Good morning. It’s Thursday, May 11.
- Oakland teacher strike grinds on over societal ills.
- “Unconscionable” abuse in Los Angeles County jails.
- And pictures of midcentury San Francisco in vivid color.
California’s Reparations Task Force is expected to recommend that the state pay roughly 2 million Black residents as much as $1.2 million each in restitution for slavery and modern-day racism. But the proposal, due on July 1, will arrive on lawmakers’ desks as California faces a ballooning budget deficit long after the height of the racial-justice protests of 2020. On Wednesday, Gov. Gavin Newsom pointedly declined to endorse the payments. Politico | S.F. Chronicle
- Try a California reparations calculator. 👉 CalMatters
California has gone aggressively after cities such as Huntington Beach and Elk Grove for failing to do their part to address the state’s housing shortage. But the state itself is a vast landholder, with enough real estate to fit Los Angeles County three times over. In Sacramento, state buildings and parking lots fill the city’s urban core, and much of it is ugly or unused. Gregory Shill, an urban planning expert, said he’s unaware of another American city with comparatively high housing demand where the state occupies as much land. S.F. Chronicle
When Virdell Hickman got a promotion at the Bay Area nonprofit where she works, she pleaded with her bosses not to give her a raise. They eventually forced her to accept one, lifting her salary above a $60,000 threshold that meant she no longer qualified for federal housing subsidies. As a result, she became worse off financially. Economists call the problem the “benefits cliff,” and it’s become increasingly common in California, where wages don’t keep up with inflation and exorbitant rental markets. The Guardian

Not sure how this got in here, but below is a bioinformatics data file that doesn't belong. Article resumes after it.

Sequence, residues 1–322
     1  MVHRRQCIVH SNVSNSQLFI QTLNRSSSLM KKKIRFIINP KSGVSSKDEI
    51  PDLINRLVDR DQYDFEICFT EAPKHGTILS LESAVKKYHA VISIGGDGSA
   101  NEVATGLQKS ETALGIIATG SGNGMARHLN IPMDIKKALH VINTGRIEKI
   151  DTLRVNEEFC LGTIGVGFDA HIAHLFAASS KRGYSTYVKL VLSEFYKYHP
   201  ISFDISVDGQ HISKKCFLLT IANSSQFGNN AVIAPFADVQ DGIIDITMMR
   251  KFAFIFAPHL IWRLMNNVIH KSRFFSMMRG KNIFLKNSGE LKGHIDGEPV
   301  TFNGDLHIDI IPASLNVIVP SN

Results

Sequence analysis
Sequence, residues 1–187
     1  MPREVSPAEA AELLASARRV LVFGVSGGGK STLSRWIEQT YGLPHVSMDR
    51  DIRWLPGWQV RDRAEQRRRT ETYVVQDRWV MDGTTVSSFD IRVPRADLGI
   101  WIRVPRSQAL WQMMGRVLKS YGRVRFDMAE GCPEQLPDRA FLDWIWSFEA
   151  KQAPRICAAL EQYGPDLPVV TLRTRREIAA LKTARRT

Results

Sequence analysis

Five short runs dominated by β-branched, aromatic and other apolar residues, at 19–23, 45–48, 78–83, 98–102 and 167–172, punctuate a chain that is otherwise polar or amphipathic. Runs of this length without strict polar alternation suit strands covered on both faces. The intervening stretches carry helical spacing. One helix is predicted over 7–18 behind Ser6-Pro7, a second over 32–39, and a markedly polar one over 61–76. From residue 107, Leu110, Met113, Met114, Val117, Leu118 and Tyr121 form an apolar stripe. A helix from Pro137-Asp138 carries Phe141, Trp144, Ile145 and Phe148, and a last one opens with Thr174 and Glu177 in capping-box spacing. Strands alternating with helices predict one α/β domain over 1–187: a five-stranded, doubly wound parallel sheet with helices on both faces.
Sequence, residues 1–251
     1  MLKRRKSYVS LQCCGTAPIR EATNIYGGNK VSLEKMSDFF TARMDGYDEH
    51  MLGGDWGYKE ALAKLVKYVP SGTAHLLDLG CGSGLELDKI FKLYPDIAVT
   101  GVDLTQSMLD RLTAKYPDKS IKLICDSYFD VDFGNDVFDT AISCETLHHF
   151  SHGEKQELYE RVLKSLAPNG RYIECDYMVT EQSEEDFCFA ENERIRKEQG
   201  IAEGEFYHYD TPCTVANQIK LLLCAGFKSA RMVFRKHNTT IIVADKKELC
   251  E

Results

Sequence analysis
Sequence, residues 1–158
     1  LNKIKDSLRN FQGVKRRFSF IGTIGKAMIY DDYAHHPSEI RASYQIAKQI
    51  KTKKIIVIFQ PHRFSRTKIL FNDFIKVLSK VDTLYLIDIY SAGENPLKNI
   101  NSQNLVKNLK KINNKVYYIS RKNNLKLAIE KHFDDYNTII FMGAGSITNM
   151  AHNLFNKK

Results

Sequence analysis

As Oakland teachers plan to enter their sixth day on strike, the impasse is no longer focused on money or benefits. The district has offered pay increases of as much as 22%, plus backpay. But the union is also demanding so-called “common good” measures, which include repurposing school buildings for the homeless and reparations for Black students. Superintendent Kyla Johnson-Trammell called the goals laudable, but said “they should not hold children’s learning hostage.” Mercury News | KQED
Elizabeth Weil wrote about “spiraling in San Francisco’s doom loop”:
“A poll from the controller’s office found that San Franciscans felt less safe in the city than we had in 27 years. And of course we did. Everywhere you looked, you saw it billboarded: The social contract had ruptured, and we’d ceased to believe we could fix it. The city often seemed to operate like an incompetent parent, confusing compassion and permissiveness, unable to maintain boundaries, producing the exact opposite result of what it claimed to want.” Curbed
- Downtown San Francisco is losing another store after Coco Republic announced the closure of its flagship location. SFGATE | SF Standard
Remote work appeared to be a likely explanation for stubbornly low ridership on BART, which has remained at roughly 40% of its pre-pandemic levels. But according to a new poll commissioned by a business advocacy group, Bay Area residents are primarily staying off the trains over concerns about safety and filth. More than 60% of respondents described the transit system as unsafe; 64% called it unclean. Nearly half said they had witnessed a crime firsthand on BART. KRON | KGO